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In oracle, does joining two table using UNION implicitly sort data? It appears it does, because as shown in the explain plan window, it shows 'SORT UNIQUE'.

My question is just: by default, by how or what column does it sort?

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3 Answers 3

It does need to enforce uniqueness so it does normally need to do at least a partial sort. In theory, if it can guarantee uniqueness by another mechanism (eg selecting from specified partitions where the partition key guarantees no overlap) it might not, but I haven't seen an example of that yet.

However it doesn't need to produce sorted output since it can use a hash sort. That is, it sticks all the 'A' words on one bucket, all the 'B' words in the next and so on. The contents of the individual buckets would be sorted but the query may return the results of the 'B' bucket before the 'A' bucket.

Between 9i and 10g Oracle modified the GROUP BY so that it often did a HASH SORT. As a result a lot of people who had taken it for granted that a GROUP BY would imply sorted output were caught out.

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+1, but you probably mean "HASH GROUP BY" instead of "HASH SORT" –  Rob van Wijk Feb 11 '11 at 8:51

The optimizer has a various ways of insuring uniqueness when doing things like union, group by and distinct. And over time as Oracle improves the optimizer, new methods may and hopefully will be introduced. Sometimes that is a sort. But no guarantees it will always be a sort, even if it uses a sort today, it might not tomorrow.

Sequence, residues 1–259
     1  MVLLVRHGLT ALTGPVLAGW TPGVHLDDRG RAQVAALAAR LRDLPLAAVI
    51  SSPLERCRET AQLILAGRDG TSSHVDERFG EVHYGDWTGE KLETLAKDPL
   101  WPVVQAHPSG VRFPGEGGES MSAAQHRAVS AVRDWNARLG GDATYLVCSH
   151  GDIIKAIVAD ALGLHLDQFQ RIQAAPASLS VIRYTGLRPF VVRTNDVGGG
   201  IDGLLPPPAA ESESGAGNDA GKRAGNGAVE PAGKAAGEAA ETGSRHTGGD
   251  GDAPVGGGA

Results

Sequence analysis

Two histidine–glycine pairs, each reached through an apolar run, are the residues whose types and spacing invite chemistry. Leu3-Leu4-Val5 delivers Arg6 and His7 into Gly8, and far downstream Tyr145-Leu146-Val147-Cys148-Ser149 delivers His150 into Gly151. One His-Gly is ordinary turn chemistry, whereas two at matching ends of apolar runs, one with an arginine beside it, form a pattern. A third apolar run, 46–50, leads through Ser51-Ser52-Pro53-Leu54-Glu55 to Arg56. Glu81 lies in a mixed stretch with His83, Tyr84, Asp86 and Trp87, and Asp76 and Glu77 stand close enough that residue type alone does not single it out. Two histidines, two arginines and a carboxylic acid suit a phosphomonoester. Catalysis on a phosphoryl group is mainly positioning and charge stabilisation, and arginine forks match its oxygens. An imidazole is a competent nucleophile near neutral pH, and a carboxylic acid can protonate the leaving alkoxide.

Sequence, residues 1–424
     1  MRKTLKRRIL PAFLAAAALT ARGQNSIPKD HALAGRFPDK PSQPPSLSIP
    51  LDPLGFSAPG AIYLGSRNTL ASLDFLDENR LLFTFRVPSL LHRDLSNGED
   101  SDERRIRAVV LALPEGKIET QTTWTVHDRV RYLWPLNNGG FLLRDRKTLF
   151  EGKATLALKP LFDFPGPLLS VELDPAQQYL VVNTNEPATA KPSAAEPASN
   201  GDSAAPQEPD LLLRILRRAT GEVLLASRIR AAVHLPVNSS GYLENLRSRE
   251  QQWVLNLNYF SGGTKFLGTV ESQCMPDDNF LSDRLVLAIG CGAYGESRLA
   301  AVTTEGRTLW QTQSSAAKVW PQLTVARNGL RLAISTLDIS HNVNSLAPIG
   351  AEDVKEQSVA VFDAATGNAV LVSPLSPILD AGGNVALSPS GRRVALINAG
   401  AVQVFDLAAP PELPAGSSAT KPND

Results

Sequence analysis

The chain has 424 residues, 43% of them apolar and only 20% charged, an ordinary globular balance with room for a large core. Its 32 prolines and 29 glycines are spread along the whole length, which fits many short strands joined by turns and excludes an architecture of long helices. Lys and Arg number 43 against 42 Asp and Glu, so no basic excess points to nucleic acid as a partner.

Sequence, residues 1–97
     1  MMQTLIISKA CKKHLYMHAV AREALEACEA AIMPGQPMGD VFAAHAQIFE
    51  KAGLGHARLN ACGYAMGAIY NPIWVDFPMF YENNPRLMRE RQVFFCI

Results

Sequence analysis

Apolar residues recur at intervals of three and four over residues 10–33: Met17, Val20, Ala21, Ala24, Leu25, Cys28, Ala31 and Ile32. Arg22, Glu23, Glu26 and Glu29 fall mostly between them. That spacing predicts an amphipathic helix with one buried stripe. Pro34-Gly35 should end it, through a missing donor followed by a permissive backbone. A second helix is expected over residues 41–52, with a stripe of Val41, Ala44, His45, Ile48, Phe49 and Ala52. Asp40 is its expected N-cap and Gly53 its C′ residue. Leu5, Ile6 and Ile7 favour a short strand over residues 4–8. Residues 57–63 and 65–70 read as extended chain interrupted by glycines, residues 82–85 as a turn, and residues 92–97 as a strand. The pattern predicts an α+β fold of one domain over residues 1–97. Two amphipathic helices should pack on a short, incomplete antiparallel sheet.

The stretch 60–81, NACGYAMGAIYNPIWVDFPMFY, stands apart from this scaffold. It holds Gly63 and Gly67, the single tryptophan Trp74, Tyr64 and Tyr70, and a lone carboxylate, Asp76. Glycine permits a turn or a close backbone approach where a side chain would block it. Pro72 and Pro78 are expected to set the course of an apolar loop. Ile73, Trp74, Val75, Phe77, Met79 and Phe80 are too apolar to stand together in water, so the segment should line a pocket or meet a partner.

If you need the output sorted, the only way to guarantee that is with an order by clause. Without the order by Oracle (and for that matter any SQL database) is free to return the rows in any order.

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@cyberkiwi: Sorry to be pedantic, Oracle added an additional way to group. Oracle can still use a plain sort instead of hash tables, if the optimizer believes that plan will execute with fewer resources. I take switch to be the removal of sorting replaced by hash tables. So a query could sort to group/union/etc today and then change to hash table tomorrow, and something not yet built when upgrading to 12gR2 in the year 2013. –  Shannon Severance Feb 11 '11 at 7:43
    
You mean 12cR2? ;-) –  Rob van Wijk Feb 11 '11 at 8:53

yes the sort is implicit in order to remove duplicates since UNION does not include duplicates like UNION ALL, however if you want a guaranteed sort use ORDER BY after all unions to make sure you get the desired sorting

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So this means with out using Order by, there is no default column or process by which the result is sorted? because i thought it is sorted using the arrangement of your select statement, like it is sorted first using the first column you retrieved, then followed by others. Am i thinking wrong about this one? –  Jenny Feb 11 '11 at 3:45
    
-1 "yes the sort is implicit in order to remove duplicates" The optimizer might decide to use a hash table to remove duplicates. –  Shannon Severance Feb 11 '11 at 5:37
    
@Jenny: Yes, you are wrong. Without an order by, the database can return the rows in any order and there is no guarantee that it will return them in the same order every time. You can verify the former claim for yourself: try select table_name from dictionary (or any other sizable system table). –  Allan Feb 11 '11 at 18:36

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